AFLXit: Fans desert ‘bastardised’ new format

AFL fans have been left underwhelmed following the three-night AFLX experiment in Adelaide, Melbourne and Sydney.

The entertainment-centred new shortened form, frequently compared to cricket’s family-friendly T20 showcase for its emphasis on kids, received a cautiously optimistic reception from those outside Etihad Stadium shortly before six Victorian teams took the field Friday night. But when all was said and done, supporters had quickly made up their minds on the long-term future of the showcase.

The Overview

The newest strand of the game took place in groups of six sides, firstly at Adelaide’s Hindmarsh Stadium, then Melbourne’s Docklands and finally the Sydney Football Stadium Saturday night.

Played seven-a-side on a rectangular pitch over two 10-minute halves, and utilising a new silver ball (that received criticism from players and broadcasters alike), the event took on an association football-style feel as the broader football community, previously near unanimous in their skepticism, prayed merely for no key injuries.

Pre-game comments

“I think it has the potential to work,” exclaimed Chloe, a youthful and hopeful Essendon fan who went on to examine the theory of AFLX being used to broaden the game’s international appeal.

“On a rectangular pitch it should appeal to people who like soccer.”

Peter, a long-serving Blues fan in his mid-50’s, agreed that there would at least be an initial spike in general interest, noted that “people will always be interested in something that’s new” but then lamented the game felt “like a bit of a gimmick.”

Inside AFLX

Utilising Etihad Stadium as well as the rectangular home grounds of A-League clubs Adelaide United and Sydney FC, during the round-ball code’s active season, ruffled feathers on all sides. ‘Traditional’ AFL supporters bemoaned the introduction of a format they felt deviated too far from the core product, whereas soccer fans opposed a perceived infringement on a code already suffering from enough issues in Australia.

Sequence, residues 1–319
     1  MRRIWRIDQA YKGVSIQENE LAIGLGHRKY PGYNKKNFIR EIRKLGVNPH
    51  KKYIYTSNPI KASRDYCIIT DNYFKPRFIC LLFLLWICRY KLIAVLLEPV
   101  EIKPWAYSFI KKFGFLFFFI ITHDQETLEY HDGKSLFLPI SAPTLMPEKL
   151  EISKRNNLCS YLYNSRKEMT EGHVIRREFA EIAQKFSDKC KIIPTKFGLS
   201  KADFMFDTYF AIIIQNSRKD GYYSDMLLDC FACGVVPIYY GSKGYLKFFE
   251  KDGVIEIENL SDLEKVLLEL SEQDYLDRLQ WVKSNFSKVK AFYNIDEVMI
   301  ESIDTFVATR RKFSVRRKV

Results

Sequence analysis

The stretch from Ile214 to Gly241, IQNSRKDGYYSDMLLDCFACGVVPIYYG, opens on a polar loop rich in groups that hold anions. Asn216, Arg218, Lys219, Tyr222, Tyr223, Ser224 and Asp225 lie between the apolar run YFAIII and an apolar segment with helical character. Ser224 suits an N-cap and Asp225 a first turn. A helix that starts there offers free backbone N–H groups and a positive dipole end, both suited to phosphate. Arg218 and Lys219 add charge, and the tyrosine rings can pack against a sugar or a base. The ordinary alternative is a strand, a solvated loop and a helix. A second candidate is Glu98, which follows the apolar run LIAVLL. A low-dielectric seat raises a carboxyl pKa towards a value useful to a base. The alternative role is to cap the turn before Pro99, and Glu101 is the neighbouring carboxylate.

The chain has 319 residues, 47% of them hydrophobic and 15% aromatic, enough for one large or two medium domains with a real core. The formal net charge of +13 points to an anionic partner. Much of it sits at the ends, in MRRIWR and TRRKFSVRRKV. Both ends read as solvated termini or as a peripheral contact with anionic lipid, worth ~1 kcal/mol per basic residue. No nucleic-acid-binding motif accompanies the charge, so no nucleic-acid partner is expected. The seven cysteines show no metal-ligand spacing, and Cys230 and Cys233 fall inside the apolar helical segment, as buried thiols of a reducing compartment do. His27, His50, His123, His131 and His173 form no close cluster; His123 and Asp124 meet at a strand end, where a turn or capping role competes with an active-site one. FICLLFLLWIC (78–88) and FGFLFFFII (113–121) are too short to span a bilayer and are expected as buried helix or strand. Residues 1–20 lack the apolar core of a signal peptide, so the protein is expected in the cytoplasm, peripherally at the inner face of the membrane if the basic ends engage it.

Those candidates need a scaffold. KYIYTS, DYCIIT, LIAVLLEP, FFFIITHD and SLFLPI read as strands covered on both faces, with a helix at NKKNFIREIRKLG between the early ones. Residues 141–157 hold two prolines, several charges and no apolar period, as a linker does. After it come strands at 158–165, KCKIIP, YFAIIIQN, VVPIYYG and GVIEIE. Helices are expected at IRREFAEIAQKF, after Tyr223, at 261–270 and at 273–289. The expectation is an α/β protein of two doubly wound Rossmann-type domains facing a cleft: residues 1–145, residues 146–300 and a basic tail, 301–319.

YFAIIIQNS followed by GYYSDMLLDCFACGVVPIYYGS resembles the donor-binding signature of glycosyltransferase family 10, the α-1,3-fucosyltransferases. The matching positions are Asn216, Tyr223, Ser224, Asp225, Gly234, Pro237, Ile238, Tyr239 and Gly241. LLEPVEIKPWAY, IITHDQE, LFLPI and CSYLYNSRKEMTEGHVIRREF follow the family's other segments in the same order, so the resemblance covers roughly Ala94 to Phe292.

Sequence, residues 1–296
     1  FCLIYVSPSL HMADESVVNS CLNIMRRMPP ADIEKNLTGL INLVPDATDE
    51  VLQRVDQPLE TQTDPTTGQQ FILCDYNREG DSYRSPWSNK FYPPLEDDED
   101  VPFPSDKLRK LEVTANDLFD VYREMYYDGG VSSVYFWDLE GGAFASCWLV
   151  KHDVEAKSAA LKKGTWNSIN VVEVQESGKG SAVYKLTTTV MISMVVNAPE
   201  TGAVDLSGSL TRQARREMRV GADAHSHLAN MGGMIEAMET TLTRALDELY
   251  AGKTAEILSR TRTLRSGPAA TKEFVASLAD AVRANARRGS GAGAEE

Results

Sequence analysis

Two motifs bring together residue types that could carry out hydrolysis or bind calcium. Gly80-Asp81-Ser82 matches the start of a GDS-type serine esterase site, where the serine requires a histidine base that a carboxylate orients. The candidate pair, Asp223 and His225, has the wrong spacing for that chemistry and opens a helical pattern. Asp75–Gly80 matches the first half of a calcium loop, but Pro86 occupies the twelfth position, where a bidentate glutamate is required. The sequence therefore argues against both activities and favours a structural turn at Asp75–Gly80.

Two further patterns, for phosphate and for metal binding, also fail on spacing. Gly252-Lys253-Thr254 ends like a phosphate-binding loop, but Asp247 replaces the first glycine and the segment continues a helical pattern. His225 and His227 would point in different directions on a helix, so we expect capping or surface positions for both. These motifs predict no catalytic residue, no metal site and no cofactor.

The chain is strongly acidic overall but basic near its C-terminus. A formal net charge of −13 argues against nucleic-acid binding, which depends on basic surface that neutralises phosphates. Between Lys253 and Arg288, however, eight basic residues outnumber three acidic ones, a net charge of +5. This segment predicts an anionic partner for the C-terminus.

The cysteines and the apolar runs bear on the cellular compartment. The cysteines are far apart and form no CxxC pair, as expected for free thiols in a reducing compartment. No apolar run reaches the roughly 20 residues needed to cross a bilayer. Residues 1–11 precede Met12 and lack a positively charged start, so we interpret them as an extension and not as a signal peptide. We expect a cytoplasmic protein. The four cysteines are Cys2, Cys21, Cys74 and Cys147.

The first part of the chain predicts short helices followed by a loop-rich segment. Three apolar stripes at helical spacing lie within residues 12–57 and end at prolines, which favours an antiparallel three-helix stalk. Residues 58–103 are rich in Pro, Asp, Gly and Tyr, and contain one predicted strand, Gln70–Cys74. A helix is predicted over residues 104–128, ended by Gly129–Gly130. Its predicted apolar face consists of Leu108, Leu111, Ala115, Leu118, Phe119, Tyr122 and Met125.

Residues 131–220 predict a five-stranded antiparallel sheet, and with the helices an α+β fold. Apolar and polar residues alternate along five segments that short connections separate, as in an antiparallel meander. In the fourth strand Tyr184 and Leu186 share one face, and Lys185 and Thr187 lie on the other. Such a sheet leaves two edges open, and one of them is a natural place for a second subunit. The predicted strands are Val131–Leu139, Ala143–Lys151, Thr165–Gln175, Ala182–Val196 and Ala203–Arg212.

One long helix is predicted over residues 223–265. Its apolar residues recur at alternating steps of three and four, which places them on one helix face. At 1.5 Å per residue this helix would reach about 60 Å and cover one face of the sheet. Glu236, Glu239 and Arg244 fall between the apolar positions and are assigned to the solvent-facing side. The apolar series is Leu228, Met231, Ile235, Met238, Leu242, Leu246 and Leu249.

In the end, only the Adelaide leg of the competition (10,250 out of a capacity of 16,500) garnered a crowd above half-capacity. A paltry 9,892 rocked up to the SFS on a clear Sunday afternoon to watch the Brisbane Lions take home the spoils.

Notably, and serving as at least a silver lining to a fairly dismal debut, there was little attention paid to the standard of umpiring and there was minimal obscene disdain for opposition players expressed. Most watching live, it seemed, were willing to approach the tournament with an open mind.

Midway through the festivities, AFL head of football operations Steve Hocking was interviewed in the crowd, where his exclamation of “It’s a children’s game!” resonated with families in the audience.

Post-game reaction

AFL Players Association CEO Paul Marsh remarked that the game, as well as the new pre-season structure in general, was received in a mostly warm manner by players as the JLT Series reached its conclusion.

“We’re still going through our review with all the players and clubs with how it went,” he said, “but I think the feedback about AFLX has been reasonably positive as a standalone.”

The one positive review we found at the end of the night came from Kathleen, a mother who had taken her three young sons out to the game, and who collectively fit perfectly into the demographic outlined by Hawking’s earlier comments.

“The kids really thought it was a fun night out!” she beamed, as her boys enthusiastically watched on.

Many fans cleared out early following their team’s elimination, and they mostly left underwhelmed.

Jason, a self-described rusted-on Hawthorn fan, was especially scathing in his post-match criticism, lashing out at the experimental game as a “bastardised version of what we grew up with.”

Asked if the new dimensions would help accommodate for fans primarily in Europe used to playing on that type of pitch, he replied, “We don’t need to make it like soccer, it was already the best game on earth.”

Finishing interviews on a lighter note, Dean, a mid-40s and long-suffering Demons fan, was somewhat reserved in his opinions of the game itself.

“The actual format was kinda weird…bit much of the smoke and mirrors for mine,” he said. But love of team can triumph over almost anything, and Melbourne has just won its first silverware since the 1989 pre-season cup.

“I’m just bloody excited to see the Dees lift something!”